After several years in the Denver area, Mr. Wilson moved into Abrigo Apartments, an affordable living apartment community in Aurora.
“I enjoyed living at Abrigo…the location was good for me, because I drive, but I don’t like driving. So its bus schedule runs really well with what I like to do in Denver.”
But after a few years, his mother, who still lived in New York, began facing health problems. He left Colorado to be with her in 2019, and then the Covid-19 pandemic began, which kept him there for a while. He decided to move out of Abrigo since he would be in New York indefinitely.
Finding a new home at Park 16
After his mother passed away in 2022, Mr. Wilson returned to Colorado and stayed with some friends for a while, hoping to be able to lease another apartment back in Abrigo. But when he reached out to the property manager there, Lindsey Ramirez, he discovered there was no availability.
“I think the people that work at the VA hospital are some of the best people in the world. I love Denver because it’s more of a community, especially at the veteran hospital.”jack wilson, veteran and resident of park 16 apartments
“And then she said, well, you know, we have our other property, Park 16, which is right in the same area,” Mr. Wilson explained. He qualified for an apartment there and, in March 2023, decided to move in at Lindsey’s recommendation.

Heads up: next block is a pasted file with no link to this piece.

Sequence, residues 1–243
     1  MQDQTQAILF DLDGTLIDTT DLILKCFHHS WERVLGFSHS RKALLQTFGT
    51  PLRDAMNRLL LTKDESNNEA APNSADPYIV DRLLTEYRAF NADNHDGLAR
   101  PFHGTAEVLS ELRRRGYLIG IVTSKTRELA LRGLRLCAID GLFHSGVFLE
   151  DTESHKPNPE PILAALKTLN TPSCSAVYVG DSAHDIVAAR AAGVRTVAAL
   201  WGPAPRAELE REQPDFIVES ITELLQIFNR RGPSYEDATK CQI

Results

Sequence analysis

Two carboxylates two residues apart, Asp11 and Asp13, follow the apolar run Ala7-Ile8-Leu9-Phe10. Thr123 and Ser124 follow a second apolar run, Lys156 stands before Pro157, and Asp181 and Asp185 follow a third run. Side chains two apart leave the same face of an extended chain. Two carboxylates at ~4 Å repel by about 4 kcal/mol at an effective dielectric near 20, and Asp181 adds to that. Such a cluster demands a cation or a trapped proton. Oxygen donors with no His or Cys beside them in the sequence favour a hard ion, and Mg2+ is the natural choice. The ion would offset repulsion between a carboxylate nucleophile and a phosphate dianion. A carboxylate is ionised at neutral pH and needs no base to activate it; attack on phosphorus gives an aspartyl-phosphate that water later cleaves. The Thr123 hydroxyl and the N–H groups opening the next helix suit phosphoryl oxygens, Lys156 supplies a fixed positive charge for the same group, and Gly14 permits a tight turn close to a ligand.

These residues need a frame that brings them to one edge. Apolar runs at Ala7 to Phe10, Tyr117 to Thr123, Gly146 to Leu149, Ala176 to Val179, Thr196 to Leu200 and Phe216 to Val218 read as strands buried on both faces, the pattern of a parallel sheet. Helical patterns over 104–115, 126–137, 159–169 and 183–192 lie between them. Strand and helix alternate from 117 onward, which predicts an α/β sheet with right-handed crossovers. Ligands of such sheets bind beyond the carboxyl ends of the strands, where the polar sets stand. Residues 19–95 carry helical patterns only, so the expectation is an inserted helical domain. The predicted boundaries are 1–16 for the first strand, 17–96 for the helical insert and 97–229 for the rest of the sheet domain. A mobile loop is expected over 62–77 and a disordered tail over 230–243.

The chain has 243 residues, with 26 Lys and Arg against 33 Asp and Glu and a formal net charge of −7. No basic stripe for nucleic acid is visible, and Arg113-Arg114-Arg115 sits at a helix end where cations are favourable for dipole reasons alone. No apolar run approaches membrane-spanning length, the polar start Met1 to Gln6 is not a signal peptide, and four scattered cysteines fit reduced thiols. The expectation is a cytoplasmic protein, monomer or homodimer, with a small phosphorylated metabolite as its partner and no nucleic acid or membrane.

“I’m on disability, and this Park 16 location is really great for me because the VA hospital is located two bus stops away,” he said. Mr. Wilson makes a point to go to the VA Hospital in particular, as he has always had good experiences with the doctors and nurses there.
“This new VA hospital they have out here — it’s tremendous. Top of the line,” he said. “I think the people that work at the VA hospital are some of the best people in the world. I love Denver because it’s more of a community, especially at the veteran hospital.”
Connecting with the community
In his spare time, Mr. Wilson enjoys much of what his local community has to offer. He frequents the senior citizen center to take classes at their gym or learn more about computers.
He also visits the local Retired Enlisted Association, which holds veterans breakfasts once a month, and he hopes to join the Lions Club soon to begin volunteering with kids again.
Mr. Wilson has also found friendship and community at Park 16. “Every time I go to the office and see Lindsey, the first thing she asks is if everything is alright. She’s very kind,” he said. “She takes care of me, and I see that she worries about the other tenants.”
In the summertime, Mr. Wilson often joins other veterans in the complex, sitting outside, talking, and enjoying the weather. “It’s a nice group of veterans here,” he said.
His stable home and supportive community has given Mr. Wilson a foundation to flourish: “I’m starting to get out more socially and everything, now that I’ve got my roots down here in this apartment.”